A dispensing chemist prepares drugs for a chemotherapy treatment (Reuters/Eric Gaillard)

A Michigan doctor facing upwards of 175 years in prison for fraud, conspiracy and money laundering could be practicing again in half a decade, and that is worrying to, among others, relatives of former patients who have since passed on.

The so-called “death doctor,” oncologist Farid Fata, pleaded guilty earlier this month to 16 of the 23 counts he was under fire for after routinely misdiagnosing patients on purpose in order to subject them to expensive — and sometimes deadly — treatments, the likes of which earned the physician lucrative kickbacks from health care providers.

According to the indictment, Fata submitted $225 million in Medicare claims between 2007 and 2013, of which almost half involved chemotherapy. In turn, Fata received over $91 million from the United States government-administered social insurance program.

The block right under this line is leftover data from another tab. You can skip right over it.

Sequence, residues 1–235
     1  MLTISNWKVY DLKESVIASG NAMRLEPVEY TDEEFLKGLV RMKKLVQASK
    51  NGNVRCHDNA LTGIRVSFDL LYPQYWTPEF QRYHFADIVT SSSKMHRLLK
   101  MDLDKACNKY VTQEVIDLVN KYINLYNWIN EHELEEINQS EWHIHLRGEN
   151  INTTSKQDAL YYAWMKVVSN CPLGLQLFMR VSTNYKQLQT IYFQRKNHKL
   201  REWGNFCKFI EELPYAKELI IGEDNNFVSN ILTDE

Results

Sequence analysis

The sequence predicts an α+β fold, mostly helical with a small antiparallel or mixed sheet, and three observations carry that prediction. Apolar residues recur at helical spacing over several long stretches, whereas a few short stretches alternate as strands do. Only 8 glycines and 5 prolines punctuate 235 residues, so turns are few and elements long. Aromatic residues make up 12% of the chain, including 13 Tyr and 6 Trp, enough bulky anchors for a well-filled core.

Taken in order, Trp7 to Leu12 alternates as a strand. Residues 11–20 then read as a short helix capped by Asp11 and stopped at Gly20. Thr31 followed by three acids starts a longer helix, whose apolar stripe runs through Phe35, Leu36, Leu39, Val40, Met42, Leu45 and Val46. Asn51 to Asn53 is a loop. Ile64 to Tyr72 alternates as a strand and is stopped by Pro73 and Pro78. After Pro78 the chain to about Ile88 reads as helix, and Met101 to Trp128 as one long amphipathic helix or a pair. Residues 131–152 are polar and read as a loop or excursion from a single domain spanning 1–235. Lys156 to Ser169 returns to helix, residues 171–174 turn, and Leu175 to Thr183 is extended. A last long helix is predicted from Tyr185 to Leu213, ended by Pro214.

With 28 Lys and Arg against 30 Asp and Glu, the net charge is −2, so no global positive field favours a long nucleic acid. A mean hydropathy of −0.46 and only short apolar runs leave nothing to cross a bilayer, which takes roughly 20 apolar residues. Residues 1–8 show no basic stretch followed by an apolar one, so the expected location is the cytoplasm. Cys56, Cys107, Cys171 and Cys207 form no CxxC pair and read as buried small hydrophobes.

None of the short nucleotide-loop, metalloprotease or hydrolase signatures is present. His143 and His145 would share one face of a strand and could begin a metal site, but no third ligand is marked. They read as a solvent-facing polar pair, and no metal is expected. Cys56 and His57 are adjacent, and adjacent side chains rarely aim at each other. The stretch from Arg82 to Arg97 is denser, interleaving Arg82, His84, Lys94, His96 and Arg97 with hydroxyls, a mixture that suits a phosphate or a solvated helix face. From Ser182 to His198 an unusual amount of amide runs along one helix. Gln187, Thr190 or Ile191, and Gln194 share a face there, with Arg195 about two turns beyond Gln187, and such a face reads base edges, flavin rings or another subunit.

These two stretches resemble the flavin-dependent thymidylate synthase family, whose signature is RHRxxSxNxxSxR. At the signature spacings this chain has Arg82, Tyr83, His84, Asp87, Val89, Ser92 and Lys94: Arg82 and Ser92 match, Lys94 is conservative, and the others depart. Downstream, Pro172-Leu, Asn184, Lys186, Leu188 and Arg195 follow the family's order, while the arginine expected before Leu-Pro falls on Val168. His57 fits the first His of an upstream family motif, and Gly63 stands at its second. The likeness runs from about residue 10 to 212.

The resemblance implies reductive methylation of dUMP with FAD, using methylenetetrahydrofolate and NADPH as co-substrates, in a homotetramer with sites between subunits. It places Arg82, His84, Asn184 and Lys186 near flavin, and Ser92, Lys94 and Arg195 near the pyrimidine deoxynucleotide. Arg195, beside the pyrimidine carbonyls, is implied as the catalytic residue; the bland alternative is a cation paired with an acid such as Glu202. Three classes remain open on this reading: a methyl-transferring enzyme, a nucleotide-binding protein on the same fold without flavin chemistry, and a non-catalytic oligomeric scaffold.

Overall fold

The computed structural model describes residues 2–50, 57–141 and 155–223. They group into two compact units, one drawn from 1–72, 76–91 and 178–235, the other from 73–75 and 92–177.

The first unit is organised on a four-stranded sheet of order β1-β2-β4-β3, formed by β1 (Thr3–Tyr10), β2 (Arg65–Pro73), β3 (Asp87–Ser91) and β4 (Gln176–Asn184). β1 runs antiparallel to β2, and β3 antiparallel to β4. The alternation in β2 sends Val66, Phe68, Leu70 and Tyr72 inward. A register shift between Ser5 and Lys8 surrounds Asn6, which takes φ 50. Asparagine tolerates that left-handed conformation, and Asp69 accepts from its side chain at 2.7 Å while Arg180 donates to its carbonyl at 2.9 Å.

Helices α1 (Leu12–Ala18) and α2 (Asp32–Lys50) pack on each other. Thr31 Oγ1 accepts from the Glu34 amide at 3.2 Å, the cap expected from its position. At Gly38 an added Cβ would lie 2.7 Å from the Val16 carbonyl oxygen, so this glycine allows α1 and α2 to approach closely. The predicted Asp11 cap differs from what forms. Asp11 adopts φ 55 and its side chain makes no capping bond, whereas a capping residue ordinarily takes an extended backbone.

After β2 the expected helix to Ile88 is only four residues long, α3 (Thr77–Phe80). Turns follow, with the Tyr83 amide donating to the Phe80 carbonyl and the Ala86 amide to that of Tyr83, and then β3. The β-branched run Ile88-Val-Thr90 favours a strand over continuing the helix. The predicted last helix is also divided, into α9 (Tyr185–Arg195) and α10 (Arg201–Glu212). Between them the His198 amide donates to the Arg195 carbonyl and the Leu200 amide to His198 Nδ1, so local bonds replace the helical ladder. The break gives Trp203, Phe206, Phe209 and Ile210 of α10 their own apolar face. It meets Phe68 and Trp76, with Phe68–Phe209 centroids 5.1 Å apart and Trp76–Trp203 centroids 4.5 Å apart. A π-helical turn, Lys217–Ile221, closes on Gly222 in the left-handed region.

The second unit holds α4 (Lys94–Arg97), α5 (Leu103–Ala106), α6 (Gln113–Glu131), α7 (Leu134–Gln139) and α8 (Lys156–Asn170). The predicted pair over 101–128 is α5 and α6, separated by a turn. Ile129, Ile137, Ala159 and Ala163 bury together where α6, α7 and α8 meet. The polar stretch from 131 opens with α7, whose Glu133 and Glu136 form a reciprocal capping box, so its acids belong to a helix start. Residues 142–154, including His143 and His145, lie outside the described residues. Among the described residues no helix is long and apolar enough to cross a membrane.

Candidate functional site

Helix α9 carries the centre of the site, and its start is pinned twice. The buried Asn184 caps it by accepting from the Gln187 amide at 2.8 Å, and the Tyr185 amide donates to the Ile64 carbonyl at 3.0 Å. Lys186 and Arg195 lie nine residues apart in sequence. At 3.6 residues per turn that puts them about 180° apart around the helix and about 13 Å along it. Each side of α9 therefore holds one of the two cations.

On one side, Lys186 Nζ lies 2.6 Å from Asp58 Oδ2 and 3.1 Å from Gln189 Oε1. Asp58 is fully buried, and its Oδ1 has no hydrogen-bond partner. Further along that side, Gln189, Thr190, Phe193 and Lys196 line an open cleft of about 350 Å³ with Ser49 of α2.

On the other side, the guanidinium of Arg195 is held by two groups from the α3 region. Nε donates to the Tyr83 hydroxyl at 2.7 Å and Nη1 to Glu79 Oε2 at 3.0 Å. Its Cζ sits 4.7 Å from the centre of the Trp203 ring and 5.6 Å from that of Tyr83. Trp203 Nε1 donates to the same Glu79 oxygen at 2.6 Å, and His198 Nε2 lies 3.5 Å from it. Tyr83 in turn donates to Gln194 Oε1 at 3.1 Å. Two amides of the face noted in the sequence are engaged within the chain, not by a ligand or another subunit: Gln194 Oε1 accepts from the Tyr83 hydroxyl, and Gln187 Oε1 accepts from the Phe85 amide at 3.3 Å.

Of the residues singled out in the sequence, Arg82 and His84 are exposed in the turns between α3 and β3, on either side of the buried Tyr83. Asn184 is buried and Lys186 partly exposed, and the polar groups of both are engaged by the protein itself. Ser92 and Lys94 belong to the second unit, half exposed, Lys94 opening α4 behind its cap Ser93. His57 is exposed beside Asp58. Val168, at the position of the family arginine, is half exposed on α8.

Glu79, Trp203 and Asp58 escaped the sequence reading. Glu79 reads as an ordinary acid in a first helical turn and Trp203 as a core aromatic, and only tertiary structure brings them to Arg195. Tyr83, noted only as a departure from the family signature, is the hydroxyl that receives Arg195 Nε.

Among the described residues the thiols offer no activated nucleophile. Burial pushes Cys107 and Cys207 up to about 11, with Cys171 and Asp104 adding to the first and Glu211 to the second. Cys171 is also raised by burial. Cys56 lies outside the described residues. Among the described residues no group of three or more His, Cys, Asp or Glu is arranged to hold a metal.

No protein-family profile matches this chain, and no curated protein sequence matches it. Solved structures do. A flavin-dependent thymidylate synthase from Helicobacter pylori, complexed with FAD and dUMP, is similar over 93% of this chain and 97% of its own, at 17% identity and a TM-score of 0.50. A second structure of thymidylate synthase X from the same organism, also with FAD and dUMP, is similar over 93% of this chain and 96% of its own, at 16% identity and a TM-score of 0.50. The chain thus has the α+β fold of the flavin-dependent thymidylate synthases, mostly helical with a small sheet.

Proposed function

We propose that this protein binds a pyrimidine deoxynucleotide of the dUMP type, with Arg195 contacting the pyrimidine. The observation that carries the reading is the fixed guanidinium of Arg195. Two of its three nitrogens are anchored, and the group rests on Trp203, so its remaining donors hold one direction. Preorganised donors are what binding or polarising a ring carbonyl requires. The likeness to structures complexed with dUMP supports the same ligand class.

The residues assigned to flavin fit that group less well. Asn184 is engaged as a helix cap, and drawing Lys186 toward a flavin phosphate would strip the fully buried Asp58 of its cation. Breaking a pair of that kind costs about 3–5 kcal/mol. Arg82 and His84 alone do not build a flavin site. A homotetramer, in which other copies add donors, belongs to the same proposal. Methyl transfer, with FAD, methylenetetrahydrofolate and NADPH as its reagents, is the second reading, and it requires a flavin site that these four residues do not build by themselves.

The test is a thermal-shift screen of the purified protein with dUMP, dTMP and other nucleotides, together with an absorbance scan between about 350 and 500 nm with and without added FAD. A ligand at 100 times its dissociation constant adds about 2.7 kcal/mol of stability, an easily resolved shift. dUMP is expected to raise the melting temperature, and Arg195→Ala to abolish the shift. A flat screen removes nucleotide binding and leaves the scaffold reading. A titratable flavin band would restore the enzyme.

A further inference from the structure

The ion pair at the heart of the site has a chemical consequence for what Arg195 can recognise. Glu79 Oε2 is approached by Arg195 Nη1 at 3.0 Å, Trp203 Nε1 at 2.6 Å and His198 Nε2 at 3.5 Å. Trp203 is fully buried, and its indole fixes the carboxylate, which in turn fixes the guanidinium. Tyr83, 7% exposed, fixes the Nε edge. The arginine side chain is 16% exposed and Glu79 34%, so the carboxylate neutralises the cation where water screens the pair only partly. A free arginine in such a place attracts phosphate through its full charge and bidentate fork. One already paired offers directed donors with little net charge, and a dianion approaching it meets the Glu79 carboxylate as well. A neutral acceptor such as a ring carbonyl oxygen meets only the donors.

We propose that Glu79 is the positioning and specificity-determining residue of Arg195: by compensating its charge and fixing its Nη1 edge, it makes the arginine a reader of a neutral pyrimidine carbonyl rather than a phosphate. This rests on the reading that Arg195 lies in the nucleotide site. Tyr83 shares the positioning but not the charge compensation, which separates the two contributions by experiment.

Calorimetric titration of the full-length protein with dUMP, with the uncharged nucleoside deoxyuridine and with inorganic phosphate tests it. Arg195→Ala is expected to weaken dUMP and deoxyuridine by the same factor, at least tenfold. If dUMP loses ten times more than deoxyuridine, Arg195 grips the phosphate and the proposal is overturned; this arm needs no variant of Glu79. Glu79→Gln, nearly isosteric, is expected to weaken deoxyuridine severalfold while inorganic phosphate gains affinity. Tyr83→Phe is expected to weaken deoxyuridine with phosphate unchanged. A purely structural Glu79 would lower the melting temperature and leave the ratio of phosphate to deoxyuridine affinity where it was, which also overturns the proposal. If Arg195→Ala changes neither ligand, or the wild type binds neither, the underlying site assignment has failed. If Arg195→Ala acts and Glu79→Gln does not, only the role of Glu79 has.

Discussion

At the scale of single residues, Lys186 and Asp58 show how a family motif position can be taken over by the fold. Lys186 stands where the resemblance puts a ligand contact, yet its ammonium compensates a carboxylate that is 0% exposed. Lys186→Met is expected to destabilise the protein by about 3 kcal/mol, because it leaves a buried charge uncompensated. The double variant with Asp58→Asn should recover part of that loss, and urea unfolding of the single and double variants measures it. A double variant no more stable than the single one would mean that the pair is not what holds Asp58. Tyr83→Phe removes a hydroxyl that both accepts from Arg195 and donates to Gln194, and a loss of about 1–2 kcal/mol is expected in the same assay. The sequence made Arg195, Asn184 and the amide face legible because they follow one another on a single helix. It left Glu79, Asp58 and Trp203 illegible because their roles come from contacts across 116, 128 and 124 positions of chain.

Fata’s medical license was revoked in January, and in September he pleaded guilty in US District Court to more than half of the charges he’s up against. At sentencing in February, he could receive a jail term as long as 175 year in prison related to health-care fraud, of conspiracy to pay or receive kickbacks and money laundering.

Michigan’s ClickonDetroit reported that federal prosecutors seek a life sentence for the doctor. Should the judge go easy, however, then Fata could, in theory, be practicing medicine again in hardly any time. The Washington Post reported on Wednesday this week that Michigan law allows for Fata to have his medical license reinstated in just five years, raising fears from the family members of former patients and politicians alike.

Although no deaths have legally been attributed to the doctor, the relatives of a few former patients of Fata say his scheme could have certainly had a role.

Read more at RT News

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